In this state of ‘war’ or ‘nature’ there is no such thing as justice or injustice because only a ‘common power’ can issue laws and furthermore without laws then there is no justice. In this state of nature men are naturally free, they have an inherent liberty , in other words a power to ‘do what he would’ without any ‘external impediments’. Thus in Chapter 14 of Leviathan Hobbes sets out clearly how the social contract becomes formed, Hobbes stipulates that two ‘natural’principles flow from the state of nature that ‘as long as this natural right of every man to every thing endureth, there can be no security to any man…of living out the time which nature ordinarily alloweth men to live’ thus men ought to want peace, the only way that this can be managed is by a mutual agreement from all people not to use their right to everything. If only some people were to relinquish their rights then it would be unjust because it would leave them open to being preyed upon. He summed this up by using the proverb of Lampridius ‘quod tibifieri non vis, alteri ne feceris’ .
The only person who didn’t relinquish their universal claim to allthings was the sovereign who became the arbiter of legitimate force insociety. Evers has made the point that in a Hobbessian social contractthe paradigm was less of a contract between people and the sovereignand more of the sovereign as a beneficiary of the mutual agreement ofpeople not to exercise their full rights . Thus individual freedom isnot directly swapped for security; it is not a bargain but more of amutual covenant because what is fundamental for Hobbes is theacquiescence of a people to an identifiable sovereign. There is noreciprocity between sovereign and people.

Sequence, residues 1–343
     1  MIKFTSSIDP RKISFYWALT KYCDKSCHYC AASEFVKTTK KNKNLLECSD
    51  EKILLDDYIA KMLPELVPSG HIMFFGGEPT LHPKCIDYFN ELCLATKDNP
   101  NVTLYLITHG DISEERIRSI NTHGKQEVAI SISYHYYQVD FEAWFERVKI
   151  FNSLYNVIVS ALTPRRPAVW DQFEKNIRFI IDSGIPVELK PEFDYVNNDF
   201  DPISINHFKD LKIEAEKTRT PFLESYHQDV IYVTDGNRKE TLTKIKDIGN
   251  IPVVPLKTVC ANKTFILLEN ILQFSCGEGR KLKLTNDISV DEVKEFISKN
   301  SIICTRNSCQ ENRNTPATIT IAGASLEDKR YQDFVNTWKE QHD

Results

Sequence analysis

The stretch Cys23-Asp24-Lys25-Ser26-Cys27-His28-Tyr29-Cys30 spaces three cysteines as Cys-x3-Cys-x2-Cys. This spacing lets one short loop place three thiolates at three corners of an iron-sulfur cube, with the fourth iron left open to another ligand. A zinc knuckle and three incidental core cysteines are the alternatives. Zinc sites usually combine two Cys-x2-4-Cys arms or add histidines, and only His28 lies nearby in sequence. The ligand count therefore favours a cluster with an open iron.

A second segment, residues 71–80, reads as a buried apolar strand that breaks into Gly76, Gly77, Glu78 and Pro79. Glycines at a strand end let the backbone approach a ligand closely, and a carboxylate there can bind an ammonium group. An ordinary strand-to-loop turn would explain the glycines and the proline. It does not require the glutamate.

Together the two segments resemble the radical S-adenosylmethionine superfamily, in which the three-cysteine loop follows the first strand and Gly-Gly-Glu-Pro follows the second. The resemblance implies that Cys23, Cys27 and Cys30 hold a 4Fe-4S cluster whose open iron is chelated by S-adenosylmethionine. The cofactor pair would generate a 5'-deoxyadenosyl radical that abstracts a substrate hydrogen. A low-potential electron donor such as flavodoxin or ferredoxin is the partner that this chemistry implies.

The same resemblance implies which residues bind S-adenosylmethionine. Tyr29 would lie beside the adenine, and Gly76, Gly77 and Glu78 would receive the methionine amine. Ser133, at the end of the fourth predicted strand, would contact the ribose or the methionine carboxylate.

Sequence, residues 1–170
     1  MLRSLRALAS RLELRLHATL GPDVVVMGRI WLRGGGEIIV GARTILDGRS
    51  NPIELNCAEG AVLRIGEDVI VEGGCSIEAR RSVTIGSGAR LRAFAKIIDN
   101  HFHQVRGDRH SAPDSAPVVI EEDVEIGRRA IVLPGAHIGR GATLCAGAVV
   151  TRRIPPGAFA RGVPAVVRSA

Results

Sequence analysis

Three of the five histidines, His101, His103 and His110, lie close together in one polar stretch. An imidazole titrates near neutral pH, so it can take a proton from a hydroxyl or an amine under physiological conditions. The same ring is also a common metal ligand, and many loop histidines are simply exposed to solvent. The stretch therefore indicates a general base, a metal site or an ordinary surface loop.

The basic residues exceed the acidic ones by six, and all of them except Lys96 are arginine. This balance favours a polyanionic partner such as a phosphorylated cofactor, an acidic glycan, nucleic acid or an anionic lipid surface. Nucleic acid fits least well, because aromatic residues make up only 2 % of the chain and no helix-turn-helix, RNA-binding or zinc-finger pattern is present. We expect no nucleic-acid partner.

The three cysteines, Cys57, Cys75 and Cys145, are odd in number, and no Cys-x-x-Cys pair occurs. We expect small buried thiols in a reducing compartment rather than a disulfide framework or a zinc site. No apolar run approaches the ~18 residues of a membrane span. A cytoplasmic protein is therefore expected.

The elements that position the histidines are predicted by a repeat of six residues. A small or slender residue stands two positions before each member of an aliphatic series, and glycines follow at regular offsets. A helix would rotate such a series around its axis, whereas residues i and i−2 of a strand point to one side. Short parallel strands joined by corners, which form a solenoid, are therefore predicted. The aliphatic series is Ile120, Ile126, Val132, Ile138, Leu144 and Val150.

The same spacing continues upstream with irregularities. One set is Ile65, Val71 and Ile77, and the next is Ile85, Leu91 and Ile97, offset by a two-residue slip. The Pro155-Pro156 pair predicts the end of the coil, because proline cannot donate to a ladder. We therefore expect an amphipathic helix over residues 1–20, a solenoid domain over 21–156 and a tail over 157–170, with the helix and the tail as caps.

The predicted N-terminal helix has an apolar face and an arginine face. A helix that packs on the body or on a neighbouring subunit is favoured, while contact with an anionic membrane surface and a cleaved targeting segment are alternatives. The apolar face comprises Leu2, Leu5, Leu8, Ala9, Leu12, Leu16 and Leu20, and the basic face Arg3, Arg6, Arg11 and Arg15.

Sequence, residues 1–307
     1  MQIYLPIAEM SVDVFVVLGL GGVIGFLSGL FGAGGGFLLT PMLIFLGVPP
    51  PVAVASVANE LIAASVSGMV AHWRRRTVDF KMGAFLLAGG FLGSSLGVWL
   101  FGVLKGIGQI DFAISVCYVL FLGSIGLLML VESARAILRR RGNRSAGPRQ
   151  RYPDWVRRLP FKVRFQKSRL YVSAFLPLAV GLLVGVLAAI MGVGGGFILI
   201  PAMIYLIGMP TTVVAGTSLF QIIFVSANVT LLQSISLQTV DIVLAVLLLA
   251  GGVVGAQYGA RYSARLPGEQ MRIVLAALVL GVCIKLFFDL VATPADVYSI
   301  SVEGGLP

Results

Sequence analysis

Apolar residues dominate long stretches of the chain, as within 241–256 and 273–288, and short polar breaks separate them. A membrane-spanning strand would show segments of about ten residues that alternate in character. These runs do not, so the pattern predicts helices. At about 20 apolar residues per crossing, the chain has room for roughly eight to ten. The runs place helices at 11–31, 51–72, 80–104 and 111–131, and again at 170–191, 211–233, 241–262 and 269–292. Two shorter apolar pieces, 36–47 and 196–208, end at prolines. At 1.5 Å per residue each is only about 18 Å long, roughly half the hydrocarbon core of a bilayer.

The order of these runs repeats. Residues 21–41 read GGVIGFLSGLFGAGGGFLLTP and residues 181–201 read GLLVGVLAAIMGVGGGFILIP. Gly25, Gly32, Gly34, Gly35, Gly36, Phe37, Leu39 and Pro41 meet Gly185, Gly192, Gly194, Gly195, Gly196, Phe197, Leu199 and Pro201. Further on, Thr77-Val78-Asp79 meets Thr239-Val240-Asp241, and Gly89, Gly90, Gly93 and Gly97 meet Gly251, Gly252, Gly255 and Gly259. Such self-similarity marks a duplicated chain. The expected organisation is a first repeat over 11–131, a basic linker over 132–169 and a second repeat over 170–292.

In Hobbes’ account the fundamental factor is the fear of people inkeeping their obligations, he recognises that their maybe those whothrough virtuousness keep their word but he explains that fear is thedominant motivation. Furthermore the existence of fear is explained notto vitiate the consent of the people in general. Hobbes unlike manymoral philosophers doesn’t assign a particular dignity to the consentor will of the individual, the fact that the will of the people isobtained due to fear of death is merely consistent with the fundamentalhuman nature which tends towards self-preservation.
When we consider Rousseau we will seem some marked differencesbetween the writers but it is uninformative to leave Hobbes at thispoint. His views on the social contract exhibit numerous paradoxes whenwe consider the elements that make up his theory. HobbesianContractarian theory makes a number of assumptions about humanknowledge, the state of nature, rights of people to rebel, conflict andmany other things that other writers such as John Locke and Rousseauwould disagree and these factors need to be realised. Thus Hobbesdidn’t believe people had a right to rebel once they had ceded theirrights to the sovereign . He outlines this argument in Ch.18 where hestates the options are clear; if somebody has a problem with aparticular act then he cannot then revoke his consent because ‘he musteither submit to their decrees or be left in the condition of war hewas in before; wherein he might without injustice be destroyed by anyman whatsoever’ .